Winners Chosen in Library’s Mary Finley Essay and Speech Contest

Written by Joe Armstrong, Content Specialist, Marketing, Downtown Main Library 

“My name is Natrell Woodard and this is why I love the Library.” 

At the bustling West End Branch Library, Natrell reads his essay in front of a large group of family, friends, CHPL staff, and community members. He speaks clearly and confidently. 

The Library “helped me learn how to read,” he continues, “The librarians never said I couldn’t do anything and they would always try to lift my spirit, even when I thought I couldn’t do anything.” 

Natrell’s essay was chosen as the winning entry in this year’s Mary Finley Essay and Speech Contest. Open to West End students and residents in grades 5-10, the contest asked participants to reflect upon what the Library means to them and compose an essay about the topic. 

As first-place winner of the contest, Natrell received a $150 Visa gift card. Demetri Long was named second-place winner and Mikkel Lewis received third-place recognition. All three winners received customized plaques bearing the image of Mary Finley. 

Inspiring the Next Generation of Writers 

Started in 2002 by retired librarian George Ferguson, the contest honors Mary Finley, one of the first African American librarians hired by the Cincinnati & Hamilton County Public Library who influenced Ferguson as a young man growing up in the community. An influence which continues through this contest today.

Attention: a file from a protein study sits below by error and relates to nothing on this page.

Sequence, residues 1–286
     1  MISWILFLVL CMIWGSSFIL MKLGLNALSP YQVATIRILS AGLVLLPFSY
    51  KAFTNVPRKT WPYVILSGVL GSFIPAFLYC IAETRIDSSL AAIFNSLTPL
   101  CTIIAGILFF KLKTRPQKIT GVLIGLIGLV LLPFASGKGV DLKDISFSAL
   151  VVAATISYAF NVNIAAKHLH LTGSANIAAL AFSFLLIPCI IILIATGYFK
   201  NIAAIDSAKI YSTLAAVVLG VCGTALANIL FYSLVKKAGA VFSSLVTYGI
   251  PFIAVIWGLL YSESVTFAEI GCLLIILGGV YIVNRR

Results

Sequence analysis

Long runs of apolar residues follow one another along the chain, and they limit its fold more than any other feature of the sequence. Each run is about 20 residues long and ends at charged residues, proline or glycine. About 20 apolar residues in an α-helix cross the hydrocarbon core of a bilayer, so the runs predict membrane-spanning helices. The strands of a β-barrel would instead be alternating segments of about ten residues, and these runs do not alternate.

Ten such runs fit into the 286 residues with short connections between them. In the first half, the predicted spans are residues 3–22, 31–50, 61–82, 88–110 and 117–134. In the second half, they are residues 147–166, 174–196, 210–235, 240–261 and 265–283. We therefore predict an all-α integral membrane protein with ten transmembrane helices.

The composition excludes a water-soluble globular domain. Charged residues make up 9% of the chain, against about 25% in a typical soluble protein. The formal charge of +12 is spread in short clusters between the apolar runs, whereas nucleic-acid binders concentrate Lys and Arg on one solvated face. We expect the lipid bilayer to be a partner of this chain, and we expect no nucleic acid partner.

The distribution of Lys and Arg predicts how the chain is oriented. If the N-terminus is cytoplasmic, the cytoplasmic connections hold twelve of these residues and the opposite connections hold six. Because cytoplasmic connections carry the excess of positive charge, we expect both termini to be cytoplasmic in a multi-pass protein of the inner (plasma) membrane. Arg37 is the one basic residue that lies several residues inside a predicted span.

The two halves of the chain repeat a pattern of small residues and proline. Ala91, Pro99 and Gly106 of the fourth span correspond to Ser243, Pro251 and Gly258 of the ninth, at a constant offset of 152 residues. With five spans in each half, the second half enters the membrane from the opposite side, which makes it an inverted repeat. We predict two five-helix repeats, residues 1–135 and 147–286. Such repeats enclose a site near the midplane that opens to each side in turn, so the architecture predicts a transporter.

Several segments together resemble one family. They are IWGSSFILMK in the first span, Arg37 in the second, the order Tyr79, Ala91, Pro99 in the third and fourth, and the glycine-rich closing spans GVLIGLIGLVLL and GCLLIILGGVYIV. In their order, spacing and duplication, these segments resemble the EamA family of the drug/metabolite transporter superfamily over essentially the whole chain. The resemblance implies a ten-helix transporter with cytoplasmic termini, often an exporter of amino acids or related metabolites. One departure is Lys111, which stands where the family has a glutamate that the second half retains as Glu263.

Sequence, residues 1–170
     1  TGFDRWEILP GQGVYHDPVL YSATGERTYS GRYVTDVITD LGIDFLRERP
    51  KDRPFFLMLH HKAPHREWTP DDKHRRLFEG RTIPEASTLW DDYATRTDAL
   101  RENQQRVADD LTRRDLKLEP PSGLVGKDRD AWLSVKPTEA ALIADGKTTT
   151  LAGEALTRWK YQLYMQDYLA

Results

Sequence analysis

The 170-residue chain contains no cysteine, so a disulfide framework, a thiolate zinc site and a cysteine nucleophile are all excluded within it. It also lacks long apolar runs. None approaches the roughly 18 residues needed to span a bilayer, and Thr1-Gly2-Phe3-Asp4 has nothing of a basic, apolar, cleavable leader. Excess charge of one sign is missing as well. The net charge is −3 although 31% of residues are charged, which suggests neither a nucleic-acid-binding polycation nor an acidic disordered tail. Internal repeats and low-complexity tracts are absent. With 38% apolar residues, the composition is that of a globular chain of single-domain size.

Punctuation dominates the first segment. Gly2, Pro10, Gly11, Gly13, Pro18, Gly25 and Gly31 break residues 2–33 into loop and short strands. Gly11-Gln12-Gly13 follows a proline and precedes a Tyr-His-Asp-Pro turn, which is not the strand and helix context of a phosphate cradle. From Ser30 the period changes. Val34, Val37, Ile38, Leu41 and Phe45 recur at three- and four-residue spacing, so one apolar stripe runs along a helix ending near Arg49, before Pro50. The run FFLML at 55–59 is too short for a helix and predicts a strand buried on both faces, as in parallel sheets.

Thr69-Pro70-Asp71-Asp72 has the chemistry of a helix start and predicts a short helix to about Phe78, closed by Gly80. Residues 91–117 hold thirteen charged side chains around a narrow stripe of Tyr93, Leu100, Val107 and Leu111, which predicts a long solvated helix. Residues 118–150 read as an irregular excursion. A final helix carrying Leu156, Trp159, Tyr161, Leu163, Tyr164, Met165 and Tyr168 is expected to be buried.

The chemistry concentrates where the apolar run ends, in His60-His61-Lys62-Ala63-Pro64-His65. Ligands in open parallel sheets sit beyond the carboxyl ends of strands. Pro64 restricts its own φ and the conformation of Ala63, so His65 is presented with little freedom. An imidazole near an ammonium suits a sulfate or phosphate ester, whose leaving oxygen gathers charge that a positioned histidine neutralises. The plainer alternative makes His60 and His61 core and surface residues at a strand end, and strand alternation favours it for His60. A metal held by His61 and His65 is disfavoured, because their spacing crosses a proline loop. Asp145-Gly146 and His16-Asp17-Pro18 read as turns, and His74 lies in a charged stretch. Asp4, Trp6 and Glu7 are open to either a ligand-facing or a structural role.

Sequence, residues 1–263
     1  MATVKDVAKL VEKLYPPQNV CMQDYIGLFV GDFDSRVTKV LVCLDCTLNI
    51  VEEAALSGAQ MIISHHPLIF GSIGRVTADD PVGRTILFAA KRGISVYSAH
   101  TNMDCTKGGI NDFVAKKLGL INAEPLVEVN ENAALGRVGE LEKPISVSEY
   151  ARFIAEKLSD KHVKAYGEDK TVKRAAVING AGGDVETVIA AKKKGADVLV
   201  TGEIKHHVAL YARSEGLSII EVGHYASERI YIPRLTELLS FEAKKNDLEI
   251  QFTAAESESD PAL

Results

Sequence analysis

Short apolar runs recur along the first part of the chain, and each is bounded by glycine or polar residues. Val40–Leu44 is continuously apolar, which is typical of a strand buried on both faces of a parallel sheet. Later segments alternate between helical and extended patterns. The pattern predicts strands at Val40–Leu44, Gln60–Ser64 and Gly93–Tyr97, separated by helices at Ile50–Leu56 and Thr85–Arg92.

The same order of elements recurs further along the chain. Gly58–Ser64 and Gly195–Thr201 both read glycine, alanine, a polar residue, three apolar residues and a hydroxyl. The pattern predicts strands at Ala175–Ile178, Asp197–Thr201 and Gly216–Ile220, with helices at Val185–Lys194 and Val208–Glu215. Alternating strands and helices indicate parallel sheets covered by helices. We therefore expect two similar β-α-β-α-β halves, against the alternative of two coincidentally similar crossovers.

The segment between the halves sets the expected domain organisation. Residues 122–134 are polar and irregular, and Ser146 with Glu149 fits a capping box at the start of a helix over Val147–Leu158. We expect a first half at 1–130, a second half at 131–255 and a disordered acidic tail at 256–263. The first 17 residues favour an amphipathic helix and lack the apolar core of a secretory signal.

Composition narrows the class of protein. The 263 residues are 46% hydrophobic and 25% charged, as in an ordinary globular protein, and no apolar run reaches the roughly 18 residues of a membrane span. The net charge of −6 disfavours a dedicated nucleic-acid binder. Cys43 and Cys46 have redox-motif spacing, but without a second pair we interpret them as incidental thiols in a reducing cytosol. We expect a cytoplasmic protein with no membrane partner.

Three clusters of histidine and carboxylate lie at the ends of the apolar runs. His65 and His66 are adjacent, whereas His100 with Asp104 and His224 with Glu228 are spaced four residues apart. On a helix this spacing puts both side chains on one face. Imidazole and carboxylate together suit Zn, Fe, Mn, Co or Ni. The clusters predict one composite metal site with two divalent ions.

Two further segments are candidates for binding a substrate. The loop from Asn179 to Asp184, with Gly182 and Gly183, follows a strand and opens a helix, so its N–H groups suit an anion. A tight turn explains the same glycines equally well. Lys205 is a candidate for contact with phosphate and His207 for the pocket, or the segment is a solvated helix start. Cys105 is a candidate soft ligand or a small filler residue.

“I come to the Library every day,” Natrell says, “We read, play in the chess club, and check out books.” 

But Natrell thinks he has a new favorite activity to do at his library. 

“I think I’ll continue to write. I think it sounds fun to write a comic book of my own someday.” 

It’s a safe bet to be another award-winner. Watch Natrell read his award-winning essay. 

Continuing Mary Finley’s Legacy 

The Mary Finley Essay and Speech Contest is made possible through the generous support of Hamilton County Common Pleas Court Judge Melba Marsh, the Library Foundation’s Befriend a Branch program, and community volunteers. 

Judge Marsh, a lifelong customer of the West End Library, knew Mary Finley at an early age. “When I was a kid I went to this Library,” Judge Marsh remembered, “Ms. Finley worked here while I was going to school at St. Joseph’s. I lived down the street and this was on my way home. Me and Ms. Finley and I became fast friends. I took five books home per week. Then I would come back and Ms. Finley and I would discuss what I had read.” 

Judge Marsh supports the Mary Finley Memorial Essay and Speech Contest to pass forward the drive for knowledge the Library and Ms. Finley gave to her. “I hope that these participants continue to enjoy reading and writing. It’s such a way to travel within your imagination and learn about different people, places, and attitudes.” 

“The same spirit and feelings of Ms. Finley are still here. I really think Ms. Finley would be so happy to see these kids’ smiles today.” 

You can support the Mary Finley Essay and Speech Contest and other vital CHPL programs for years to come with a gift to The Library Foundation’s Befriend a Branch, opens a new window program.

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